I wonder if it would have been considered acceptable to anchor a medical report on heart disease solely in terms of its costs to employers – to headline a news story on cancer treatment with the words “working days lost to cancer”. I suspect not. While economic reporting on various vaguely defined patient groups is certainly becoming prevalent, I believe both medical professionals and news editors would feel compelled to include a more patient-based approach when reporting on what a friend has astutely called “X-rayable diseases”. I certainly hope they would not dream of telling the nation on the first page of the report what percentage of “the national disease burden” they form – which is what the CMO does, lumping all mental health issues together. It would be considered inexcusably insensitive.
Coping with mental illness can include feelings of self-blame, inadequacy and failure. It did for me, and does for many people I know. The economic commoditisation of human pain is dangerously close to victim-blaming. Such an approach can send the destructive message: see how much money you cost everyone, you broken person? Its dark heart is that the state’s only interest in its citizens is as economic units, occasionally broken and in need of quick and efficient repair, in order to slot back into the corporate design.
The crux of the issue is this: How can any study, let alone one that intends to make sweeping generalizations about the impact of sexual orientation on an entire populations’ BMI, consider 87 people a reasonable and adequate sample size? How can 87 women possibly stand to represent ALL lesbians in the USA?! I just can’t figure how in the hell is it considered academically sound, and moreover, deemed legitimate by a peer-review board of scholars, to compare 87 lesbians to 5,460 straight women??!!?!?!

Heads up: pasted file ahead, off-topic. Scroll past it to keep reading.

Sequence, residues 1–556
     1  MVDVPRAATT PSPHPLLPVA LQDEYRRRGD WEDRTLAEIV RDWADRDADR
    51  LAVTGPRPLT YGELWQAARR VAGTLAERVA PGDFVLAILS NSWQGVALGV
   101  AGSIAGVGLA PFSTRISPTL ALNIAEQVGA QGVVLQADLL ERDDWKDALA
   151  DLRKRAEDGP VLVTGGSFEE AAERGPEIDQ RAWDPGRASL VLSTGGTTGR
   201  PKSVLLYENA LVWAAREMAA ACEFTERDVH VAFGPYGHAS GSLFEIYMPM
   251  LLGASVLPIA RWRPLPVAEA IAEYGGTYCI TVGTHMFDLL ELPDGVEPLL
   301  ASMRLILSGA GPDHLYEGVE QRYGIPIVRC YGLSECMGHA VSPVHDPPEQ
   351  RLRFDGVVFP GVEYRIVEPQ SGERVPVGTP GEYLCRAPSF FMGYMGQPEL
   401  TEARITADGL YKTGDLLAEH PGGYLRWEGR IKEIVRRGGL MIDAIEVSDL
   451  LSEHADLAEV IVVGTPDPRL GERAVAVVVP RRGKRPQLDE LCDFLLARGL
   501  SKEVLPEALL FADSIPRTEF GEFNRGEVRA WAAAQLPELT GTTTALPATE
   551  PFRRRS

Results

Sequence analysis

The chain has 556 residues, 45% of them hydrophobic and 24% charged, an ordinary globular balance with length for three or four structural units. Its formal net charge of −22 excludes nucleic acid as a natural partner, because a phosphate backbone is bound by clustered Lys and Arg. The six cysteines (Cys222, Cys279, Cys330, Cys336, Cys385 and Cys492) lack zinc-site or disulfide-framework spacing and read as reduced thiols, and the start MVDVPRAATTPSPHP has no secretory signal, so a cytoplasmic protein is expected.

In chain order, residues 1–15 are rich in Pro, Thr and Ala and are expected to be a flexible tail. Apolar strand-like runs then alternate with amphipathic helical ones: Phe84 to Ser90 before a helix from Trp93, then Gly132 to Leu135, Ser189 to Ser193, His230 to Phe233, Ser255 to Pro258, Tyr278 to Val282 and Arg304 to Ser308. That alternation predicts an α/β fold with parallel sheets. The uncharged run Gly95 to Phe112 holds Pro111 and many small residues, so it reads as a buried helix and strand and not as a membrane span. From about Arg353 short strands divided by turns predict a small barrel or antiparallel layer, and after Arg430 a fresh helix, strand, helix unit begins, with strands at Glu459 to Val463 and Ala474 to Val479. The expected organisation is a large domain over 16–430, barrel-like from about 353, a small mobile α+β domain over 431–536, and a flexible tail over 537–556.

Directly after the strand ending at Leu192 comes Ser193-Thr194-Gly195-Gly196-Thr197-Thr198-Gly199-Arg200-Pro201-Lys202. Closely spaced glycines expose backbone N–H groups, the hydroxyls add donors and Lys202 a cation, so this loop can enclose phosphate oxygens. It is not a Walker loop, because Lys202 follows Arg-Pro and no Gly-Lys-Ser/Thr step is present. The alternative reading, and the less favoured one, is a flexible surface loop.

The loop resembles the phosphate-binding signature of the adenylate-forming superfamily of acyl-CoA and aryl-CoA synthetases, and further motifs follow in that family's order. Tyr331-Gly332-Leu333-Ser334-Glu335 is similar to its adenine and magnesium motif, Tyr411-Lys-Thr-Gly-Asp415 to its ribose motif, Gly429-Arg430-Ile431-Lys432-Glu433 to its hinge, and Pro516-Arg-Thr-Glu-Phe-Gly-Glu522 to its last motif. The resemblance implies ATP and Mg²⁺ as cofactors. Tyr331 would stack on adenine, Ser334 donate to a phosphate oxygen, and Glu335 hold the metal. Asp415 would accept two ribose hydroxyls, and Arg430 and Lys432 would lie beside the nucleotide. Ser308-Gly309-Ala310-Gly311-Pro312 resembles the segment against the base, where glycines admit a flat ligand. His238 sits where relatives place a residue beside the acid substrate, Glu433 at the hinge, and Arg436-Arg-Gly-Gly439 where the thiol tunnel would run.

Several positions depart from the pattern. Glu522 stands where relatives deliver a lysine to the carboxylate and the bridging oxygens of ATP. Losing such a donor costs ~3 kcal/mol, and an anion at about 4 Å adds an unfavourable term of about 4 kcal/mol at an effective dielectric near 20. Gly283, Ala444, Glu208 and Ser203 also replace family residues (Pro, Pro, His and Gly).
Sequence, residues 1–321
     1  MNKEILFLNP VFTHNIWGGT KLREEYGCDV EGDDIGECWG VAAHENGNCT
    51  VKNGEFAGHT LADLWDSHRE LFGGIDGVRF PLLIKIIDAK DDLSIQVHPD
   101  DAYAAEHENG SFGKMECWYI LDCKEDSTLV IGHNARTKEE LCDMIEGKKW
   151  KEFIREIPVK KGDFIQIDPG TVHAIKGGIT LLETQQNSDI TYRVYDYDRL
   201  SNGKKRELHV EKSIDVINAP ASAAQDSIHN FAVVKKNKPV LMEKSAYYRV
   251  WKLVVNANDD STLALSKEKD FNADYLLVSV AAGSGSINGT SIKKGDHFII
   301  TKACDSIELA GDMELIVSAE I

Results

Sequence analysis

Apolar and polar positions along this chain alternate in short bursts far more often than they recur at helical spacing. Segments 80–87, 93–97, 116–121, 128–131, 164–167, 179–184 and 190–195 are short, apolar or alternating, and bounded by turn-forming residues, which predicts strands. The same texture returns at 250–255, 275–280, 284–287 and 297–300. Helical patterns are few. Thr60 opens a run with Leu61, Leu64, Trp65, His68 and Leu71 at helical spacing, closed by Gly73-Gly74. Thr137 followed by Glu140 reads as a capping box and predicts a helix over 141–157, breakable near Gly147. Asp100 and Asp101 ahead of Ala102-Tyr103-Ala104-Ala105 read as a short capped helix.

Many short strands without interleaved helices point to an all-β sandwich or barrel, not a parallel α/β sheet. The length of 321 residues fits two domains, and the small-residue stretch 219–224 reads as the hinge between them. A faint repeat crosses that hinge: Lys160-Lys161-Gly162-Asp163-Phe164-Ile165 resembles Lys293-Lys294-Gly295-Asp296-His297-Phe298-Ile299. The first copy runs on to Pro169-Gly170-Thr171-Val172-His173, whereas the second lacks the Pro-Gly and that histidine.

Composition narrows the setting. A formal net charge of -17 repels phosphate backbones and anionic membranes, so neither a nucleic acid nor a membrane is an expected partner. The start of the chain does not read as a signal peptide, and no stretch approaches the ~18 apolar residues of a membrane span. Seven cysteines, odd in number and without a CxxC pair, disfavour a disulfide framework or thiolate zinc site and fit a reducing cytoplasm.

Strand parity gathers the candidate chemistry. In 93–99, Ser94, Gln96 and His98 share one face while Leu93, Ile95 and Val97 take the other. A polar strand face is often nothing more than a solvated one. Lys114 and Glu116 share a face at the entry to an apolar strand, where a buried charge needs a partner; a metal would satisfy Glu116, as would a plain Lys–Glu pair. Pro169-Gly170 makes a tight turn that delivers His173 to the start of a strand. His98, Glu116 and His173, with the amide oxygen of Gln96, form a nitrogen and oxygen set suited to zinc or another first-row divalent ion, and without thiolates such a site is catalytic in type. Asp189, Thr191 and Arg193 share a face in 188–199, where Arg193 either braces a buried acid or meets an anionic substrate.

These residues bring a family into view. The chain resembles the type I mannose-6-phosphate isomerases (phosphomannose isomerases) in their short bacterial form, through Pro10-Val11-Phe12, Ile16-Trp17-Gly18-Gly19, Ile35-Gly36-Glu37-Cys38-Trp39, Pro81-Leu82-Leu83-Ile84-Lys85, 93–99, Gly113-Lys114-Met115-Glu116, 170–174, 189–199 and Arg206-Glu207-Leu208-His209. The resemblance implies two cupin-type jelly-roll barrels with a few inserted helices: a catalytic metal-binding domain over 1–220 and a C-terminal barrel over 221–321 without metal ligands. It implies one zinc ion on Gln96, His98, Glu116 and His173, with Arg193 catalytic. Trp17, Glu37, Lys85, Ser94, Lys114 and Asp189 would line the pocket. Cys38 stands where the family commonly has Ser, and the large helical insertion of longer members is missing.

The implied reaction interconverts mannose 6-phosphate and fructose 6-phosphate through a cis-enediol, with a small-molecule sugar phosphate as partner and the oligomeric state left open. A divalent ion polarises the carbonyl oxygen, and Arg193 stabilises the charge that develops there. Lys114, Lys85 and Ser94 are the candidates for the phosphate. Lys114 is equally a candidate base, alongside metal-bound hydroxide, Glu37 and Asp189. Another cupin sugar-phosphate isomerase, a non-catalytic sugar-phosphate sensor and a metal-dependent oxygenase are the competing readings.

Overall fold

…The real question we should be challenging these researchers with is this: Why is homosexuality being isolated as the indicative factor of one’s failure to thrive? If the National Institute of Health (NIH) is funding studies based on this claim (and it is), it’s terrifying to imagine how often baseless statistics are disseminated as truth, and how misleading our public health policies and initiatives most likely are — especially those that single out, and arguably stigmatize, sexual-minority populations.
Also, people can be fat and be healthy, so what does this fat statistic really tell us? That people need to conduct better research that serves the interests of the populations they are studying - and people need to take more care when reporting about studies.
“Addiction is, at its core, a chronic disease,” he said. “We must do for this disease what we do for cancer, diabetes, heart, and other chronic illness: first, aim for prevention, and then eradicate any disease that develops with aggressive treatment.”